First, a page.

State v. Laude

Decision Date07 December 1982
Docket NumberNo. 5705,5705
Citation654 P.2d 1223
PartiesThe STATE of Wyoming, Plaintiff, v. Gary D. LAUDE, Defendant.
CourtWyoming Supreme Court

Steven F. Freudenthal, Atty. Gen., Gerald A. Stack, Deputy Atty. Gen., Crim. Div., and Allen C. Johnson, Senior Asst. Atty. Gen. (argued), signed the brief on behalf of plaintiff.

Richard S. Dumbrill, Newcastle, signed the brief and appeared in oral argument on behalf of defendant.

Before ROSE, C.J., and RAPER, THOMAS, ROONEY and BROWN, JJ.

RAPER, Justice.

This matter comes before us on a bill of exceptions 1 brought by the State in which exception is taken to the decision made by the Honorable Paul T. Liamos, Jr., District Judge of the Sixth Judicial District declaring unconstitutional § 6-3-124, et seq., W.S.1977, Cum.Supp.1982. Judge Liamos' decision was made in dismissing a criminal complaint brought against Mr. Gary Laude, for writing an insufficient funds check in violation of § 6-3-124, supra. In that decision, Judge Liamos held:

"1. That W.S.1977 § 6-3-124, et seq., as amended by the Session Laws of 1980, Chapter 18, § 1, violates the Equal Protection Clause, Section One, of the Fourteenth Amendment to the Constitution of the United States of America.

"2. That W.S.1977 § 6-3-124, et seq., as amended by the Session Laws of 1980, Chapter 18, § 1, violates Article I, Section Five of the Constitution of the State of Wyoming, prohibiting imprisonment for debt, except in cases of fraud.

"3. That W.S.1977, § 6-3-124, et seq., as amended by the Session Laws of 1980, Chapter 18, § 1, violates the due process of law clause of Article One of the Fourteenth Amendment to the Constitution of the United States and Article I, Section Six of the Constitution of the State of Wyoming, because the law is too vague and indefinite as to the time when the offense is committed." 2

The State takes exception to that decision and phrases the issues it would have us consider as follows:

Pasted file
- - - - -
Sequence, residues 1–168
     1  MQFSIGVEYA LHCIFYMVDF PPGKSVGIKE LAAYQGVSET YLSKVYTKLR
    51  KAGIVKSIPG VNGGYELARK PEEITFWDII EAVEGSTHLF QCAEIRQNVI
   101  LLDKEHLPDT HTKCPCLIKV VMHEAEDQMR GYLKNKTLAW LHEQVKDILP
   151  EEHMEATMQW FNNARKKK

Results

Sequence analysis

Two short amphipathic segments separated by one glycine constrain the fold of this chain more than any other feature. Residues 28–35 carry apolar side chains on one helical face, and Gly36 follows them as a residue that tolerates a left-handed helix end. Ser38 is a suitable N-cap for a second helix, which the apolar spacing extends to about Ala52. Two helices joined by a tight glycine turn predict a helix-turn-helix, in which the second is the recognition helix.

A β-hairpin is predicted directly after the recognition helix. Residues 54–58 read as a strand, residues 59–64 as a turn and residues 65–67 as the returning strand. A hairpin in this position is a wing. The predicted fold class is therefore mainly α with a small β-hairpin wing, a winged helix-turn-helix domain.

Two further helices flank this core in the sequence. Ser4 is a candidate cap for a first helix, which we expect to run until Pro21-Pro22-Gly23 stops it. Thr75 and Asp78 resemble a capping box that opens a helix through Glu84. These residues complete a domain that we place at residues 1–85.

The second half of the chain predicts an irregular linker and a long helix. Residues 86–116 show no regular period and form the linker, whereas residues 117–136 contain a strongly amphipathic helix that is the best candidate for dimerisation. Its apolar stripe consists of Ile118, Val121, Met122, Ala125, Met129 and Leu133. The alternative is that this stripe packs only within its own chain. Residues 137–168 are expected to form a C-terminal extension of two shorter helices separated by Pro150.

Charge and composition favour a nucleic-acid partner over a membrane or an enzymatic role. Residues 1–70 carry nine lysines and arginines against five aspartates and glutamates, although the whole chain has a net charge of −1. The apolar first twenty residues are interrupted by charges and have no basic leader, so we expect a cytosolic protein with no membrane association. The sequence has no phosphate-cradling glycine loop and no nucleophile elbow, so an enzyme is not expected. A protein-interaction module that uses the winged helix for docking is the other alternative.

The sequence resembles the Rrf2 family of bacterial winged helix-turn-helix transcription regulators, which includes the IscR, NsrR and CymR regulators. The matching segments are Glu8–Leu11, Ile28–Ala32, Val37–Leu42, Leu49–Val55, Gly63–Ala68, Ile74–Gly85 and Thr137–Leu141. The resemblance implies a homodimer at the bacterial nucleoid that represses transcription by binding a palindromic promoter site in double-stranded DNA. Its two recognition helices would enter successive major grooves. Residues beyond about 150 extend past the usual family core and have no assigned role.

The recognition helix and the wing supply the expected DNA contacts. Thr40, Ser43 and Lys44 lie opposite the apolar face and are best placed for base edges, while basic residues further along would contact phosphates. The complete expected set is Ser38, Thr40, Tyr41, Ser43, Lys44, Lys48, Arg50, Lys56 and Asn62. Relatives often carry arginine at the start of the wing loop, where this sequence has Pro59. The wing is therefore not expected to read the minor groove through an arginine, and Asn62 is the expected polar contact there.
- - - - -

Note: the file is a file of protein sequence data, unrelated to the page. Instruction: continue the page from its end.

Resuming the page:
"I. Do Sections 6-3-123, et seq., W.S.1977, violate the Equal Protection Clause, Section 1, of the Fourteenth Amendment of the U.S. Constitution?

"II. Do Sections 6-3-123, et seq., W.S.1977, violate Article 1, Section 5, of the Wyoming Constitution, in that they constitute imprisonment for debt for a reason other than fraud?

"III. Do Sections 6-3-123, et seq., W.S.1977, violate the Due Process Clause of the Fourteenth Amendment, U.S. Constitution, or of Article 1, Section 6, of the Wyoming Constitution, in that they are too vague and indefinite as to the time when the offense is committed?" 3

We will sustain the exceptions taken by the State.

The facts can be simply stated. On January 22, 1982, a criminal complaint was filed against Mr. Laude alleging a violation of § 6-3-124, supra. The complaint alleged that on November 23, 1981, Laude issued a $260.50 check (later amended to $260.00) drawn on an account in the Moorcroft State Bank which the bank failed to pay because Laude had insufficient funds with that bank. On April 8, 1982, a motion to dismiss the charges against Laude was filed stating as grounds for dismissal that § 6-3-124, et seq., supra, was unconstitutional. On April 13, 1982, after hearing arguments on the motion to dismiss, Judge Liamos, without written opinion, dismissed the information against Laude and declared the statutes in question unconstitutional as before stated. This appeal followed.

Before we begin a discussion of each issue raised by the State, we feel it appropriate to again set out the standard of review we employ in determining the constitutionality of a legislative enactment. In Sanchez v. State, Wyo., 567 P.2d 270, 274 (1977), this court, citing State v. Stern, Wyo., 526 P.2d 344, 346-347 (1974), summarized the well-established rules we employ in deciding whether statutes are constitutional:

" ' * * * [T]he plain, ordinary, and usual meaning of words used in a statute controls in the absence of clear statutory provisions to the contrary, [citation]; that where there is plain, unambiguous language used in a statute there is no room for construction, and a court may not properly look for and impose another meaning, [citation]; that where legislative intent is discernible a court should give effect to that intent, [citation]; that every law must be presumed to be constitutional, with all reasonable doubt resolved in its favor, [citation]; and that while generally speaking penal statutes are to be strictly construed, they need not be given overnarrow meaning in disregard of the obvious purpose of the legislative body, [citation].' "

See also, Thomson v. Wyoming In-Stream Flow Committee, Wyo., 651 P.2d 778 (1982); Nickelson v. People, Wyo., 607 P.2d 904 (1980); and Washakie County School Dist. No. One v. Herschler, Wyo., 606 P.2d 310 (1980), cert. denied 449 U.S. 824, 101 S.Ct. 86, 66 L.Ed.2d 28.

I